by Craig Brelsford
With breeding grounds high in the Siberian Arctic and a winter range extending as far south as New Zealand, Sharp-tailed Sandpiper Calidris acuminata is a champion long-distance migrant. In China migrates mainly along coast but regularly recorded inland. Common passage migrant Shanghai. HABITAT & BEHAVIOR Migrants often in marshy areas with vegetation as well as on intertidal mudflats. Juveniles strictly on coasts. ID & COMPARISON Breeding shows distinct rufous crown streaked black, a white eyebrow that often flares at the end and that is streaked black or brown, chestnut ear coverts, dark lores, and a thin white eye-ring. Upperparts black or brown with rufous and dull white fringing to feathers. Bold black spotting or streaking on neck and breast turning into chevrons on otherwise white lower breast, flanks, and undertail coverts. Breast has buff wash that is less clearly demarcated than Pectoral Sandpiper C. melanotos. Juveniles have blackish feather centers above, with rusty fringes (more buff on wing coverts), giving scaly appearance. White lines along mantle and scapulars usually prominent (but less so than Pectoral). Head pattern of Pectoral less contrasting; supercilium of Sharp-tailed cleaner (especially behind eye) and chestnut crown more prominent. Juvenile Sharp-tailed is bright and has prominent orange breast and breast streaking limited to a narrow band on upper breast; rest of underparts white. Winter adult a toned-down, greyish version of summer adult; distinct rufous cap present, but duller, with streaking usually restricted to sides of breast. In flight shows typical calidrid pattern of narrow white wing bar and white uppertail coverts divided by black central band from rump to tail. Streaking on white sides of rump make rump look darker than Pectoral. Juvenile Long-toed Stint C. subminuta appreciably smaller than Sharp-tailed. Male larger than female. BARE PARTS Bill short, slightly curved, black, with pale base to mandible; feet greenish-yellow. Legs shorter and posture usually more horizontal than Pectoral. VOICE Shrill, continuous twittering. Also soft, repeated “plipp.” — Craig Brelsford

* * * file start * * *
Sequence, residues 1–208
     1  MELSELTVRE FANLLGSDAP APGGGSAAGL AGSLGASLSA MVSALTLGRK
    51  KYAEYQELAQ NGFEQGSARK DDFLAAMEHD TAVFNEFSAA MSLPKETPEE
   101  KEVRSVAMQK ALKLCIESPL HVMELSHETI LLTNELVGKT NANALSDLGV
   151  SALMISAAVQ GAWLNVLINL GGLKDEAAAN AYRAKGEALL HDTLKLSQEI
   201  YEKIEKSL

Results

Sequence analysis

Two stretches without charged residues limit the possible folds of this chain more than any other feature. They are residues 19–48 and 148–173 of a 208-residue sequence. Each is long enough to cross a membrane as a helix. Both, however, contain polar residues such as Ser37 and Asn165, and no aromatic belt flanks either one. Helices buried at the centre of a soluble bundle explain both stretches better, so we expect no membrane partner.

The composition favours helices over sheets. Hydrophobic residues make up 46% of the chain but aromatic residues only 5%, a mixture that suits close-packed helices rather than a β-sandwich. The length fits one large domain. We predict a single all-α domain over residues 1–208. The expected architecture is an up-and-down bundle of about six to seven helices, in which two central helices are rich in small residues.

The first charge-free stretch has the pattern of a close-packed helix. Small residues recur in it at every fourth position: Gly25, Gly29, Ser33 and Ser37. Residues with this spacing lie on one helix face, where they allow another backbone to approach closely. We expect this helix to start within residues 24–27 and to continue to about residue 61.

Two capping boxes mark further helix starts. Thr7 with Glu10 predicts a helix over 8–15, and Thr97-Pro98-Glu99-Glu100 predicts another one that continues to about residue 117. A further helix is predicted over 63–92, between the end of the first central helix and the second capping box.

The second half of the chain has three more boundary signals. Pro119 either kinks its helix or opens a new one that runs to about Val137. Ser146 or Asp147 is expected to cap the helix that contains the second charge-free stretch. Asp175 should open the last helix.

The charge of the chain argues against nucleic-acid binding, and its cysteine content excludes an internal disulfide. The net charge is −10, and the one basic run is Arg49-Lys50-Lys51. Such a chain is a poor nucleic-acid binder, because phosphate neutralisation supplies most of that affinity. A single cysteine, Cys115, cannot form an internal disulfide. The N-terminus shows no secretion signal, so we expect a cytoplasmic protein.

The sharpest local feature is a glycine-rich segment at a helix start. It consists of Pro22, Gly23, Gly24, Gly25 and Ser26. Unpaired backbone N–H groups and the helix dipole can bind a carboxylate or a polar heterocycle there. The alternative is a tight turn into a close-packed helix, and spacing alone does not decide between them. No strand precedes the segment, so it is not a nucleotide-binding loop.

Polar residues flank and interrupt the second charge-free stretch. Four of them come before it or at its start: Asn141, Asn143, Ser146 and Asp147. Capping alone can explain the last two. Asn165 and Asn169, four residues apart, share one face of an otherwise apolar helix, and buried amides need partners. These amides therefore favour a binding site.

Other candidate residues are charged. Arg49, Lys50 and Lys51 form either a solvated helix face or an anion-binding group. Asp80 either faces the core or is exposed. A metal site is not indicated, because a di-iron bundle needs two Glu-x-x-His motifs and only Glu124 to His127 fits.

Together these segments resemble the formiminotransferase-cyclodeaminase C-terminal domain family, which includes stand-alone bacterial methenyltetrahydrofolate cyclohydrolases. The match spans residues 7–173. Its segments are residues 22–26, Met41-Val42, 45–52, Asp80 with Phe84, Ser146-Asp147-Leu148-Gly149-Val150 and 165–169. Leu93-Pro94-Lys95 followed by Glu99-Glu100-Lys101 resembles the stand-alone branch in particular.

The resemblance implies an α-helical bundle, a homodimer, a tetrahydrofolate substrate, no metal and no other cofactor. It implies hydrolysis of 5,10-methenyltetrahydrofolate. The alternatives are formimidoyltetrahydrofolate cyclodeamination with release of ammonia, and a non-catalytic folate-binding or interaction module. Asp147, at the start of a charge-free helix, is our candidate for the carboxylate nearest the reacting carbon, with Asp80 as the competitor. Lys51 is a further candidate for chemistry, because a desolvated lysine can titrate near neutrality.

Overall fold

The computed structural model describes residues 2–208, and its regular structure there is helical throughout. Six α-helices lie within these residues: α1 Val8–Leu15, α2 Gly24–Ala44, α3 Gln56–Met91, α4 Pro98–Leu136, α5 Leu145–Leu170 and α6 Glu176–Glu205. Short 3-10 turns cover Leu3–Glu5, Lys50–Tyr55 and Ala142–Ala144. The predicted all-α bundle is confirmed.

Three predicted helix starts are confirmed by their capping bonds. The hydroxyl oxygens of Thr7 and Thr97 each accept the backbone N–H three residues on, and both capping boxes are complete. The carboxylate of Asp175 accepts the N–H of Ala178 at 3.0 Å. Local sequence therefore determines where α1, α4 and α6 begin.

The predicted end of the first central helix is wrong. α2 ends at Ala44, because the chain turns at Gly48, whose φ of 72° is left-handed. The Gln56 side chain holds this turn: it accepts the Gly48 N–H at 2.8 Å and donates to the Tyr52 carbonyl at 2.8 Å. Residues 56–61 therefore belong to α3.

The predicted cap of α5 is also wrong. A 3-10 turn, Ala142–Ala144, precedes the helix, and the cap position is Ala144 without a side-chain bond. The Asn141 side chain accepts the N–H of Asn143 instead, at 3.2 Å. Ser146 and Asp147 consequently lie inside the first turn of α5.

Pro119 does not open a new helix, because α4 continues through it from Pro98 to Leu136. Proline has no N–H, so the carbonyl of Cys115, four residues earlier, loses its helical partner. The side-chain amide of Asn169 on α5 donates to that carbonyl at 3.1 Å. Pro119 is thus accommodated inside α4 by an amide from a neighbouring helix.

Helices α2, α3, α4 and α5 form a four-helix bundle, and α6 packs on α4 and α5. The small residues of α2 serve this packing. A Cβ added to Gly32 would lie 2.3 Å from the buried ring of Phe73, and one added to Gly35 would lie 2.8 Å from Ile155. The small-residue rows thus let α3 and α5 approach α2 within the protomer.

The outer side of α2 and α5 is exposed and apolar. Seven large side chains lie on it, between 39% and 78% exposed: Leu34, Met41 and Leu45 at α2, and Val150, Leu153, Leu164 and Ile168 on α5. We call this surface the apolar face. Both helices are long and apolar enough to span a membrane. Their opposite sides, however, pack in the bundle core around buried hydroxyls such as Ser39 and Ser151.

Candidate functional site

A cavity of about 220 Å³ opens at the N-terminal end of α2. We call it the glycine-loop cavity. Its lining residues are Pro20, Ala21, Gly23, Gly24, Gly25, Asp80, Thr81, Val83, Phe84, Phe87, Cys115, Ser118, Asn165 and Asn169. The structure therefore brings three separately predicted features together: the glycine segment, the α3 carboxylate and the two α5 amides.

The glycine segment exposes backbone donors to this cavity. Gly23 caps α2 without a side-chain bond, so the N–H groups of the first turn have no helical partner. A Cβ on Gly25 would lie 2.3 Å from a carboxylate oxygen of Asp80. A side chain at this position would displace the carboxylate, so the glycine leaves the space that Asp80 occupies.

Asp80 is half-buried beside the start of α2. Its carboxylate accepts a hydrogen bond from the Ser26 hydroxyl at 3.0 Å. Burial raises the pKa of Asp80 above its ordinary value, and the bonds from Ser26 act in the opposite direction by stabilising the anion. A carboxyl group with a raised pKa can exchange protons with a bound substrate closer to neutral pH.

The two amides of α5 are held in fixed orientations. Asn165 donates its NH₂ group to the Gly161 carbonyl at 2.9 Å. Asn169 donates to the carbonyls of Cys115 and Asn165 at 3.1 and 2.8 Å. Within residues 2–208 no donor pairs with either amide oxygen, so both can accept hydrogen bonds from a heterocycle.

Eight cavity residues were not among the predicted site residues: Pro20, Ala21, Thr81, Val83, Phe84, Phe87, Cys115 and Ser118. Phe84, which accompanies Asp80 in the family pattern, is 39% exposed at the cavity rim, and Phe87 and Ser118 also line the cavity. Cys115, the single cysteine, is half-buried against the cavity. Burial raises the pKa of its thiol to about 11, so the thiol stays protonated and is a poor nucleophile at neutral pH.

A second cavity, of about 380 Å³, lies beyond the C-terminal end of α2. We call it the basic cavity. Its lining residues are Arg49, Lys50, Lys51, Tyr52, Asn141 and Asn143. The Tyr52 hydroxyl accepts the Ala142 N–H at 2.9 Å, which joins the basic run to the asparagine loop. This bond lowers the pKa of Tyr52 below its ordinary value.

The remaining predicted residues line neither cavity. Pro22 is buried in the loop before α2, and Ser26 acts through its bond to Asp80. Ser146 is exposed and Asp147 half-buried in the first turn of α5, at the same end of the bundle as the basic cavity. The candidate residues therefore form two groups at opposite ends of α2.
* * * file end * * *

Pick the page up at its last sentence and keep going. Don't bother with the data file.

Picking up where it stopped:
RESOURCES ON CALIDRIDS
Click the links below for coverage on shanghaibirding.com of species related to Sharp-tailed Sandpiper:
Great Knot Calidris tenuirostris
Red Knot C. canutus
Broad-billed Sandpiper C. falcinellus
Curlew Sandpiper C. ferruginea
Temminck’s Stint C. temminckii
Long-toed Stint C. subminuta
Spoon-billed Sandpiper C. pygmaea
Red-necked Stint C. ruficollis
Sanderling C. alba
Dunlin C. alpina
Little Stint C. minuta
Pectoral Sandpiper C. melanotos
Daniel Bengtsson served as chief ornithological consultant for my Photographic Field Guide to the Birds of China, from which the species description above is drawn.
Alderfer, Jonathan, ed. (2006). National Geographic Complete Birds of North America. National Geographic Society, Washington, D.C.
Brazil, Mark (2009). Birds of East Asia. Princeton University Press, New Jersey.
Brazil, Mark (2018). Birds of Japan. Helm Field Guides, London.
eBird (2020). eBird: An online database of bird distribution and abundance [web application]. eBird, Cornell Lab of Ornithology, Ithaca, New York. Sharp-tailed Sandpiper (https://ebird.org/species/shtsan). Accessed: 29 May 2020.
MacKinnon, John & Karen Phillipps (2000). A Field Guide to the Birds of China. Oxford University Press.
Message, Stephen & Don Taylor (2005). Waders of Europe, Asia and North America. Helm Field Guides, London.
Svensson, Lars, Killian Mullarney, & Dan Zetterström (2009). Collins Bird Guide: The Most Complete Guide to the Birds of Britain and Europe. 2nd ed. HarperCollins, London.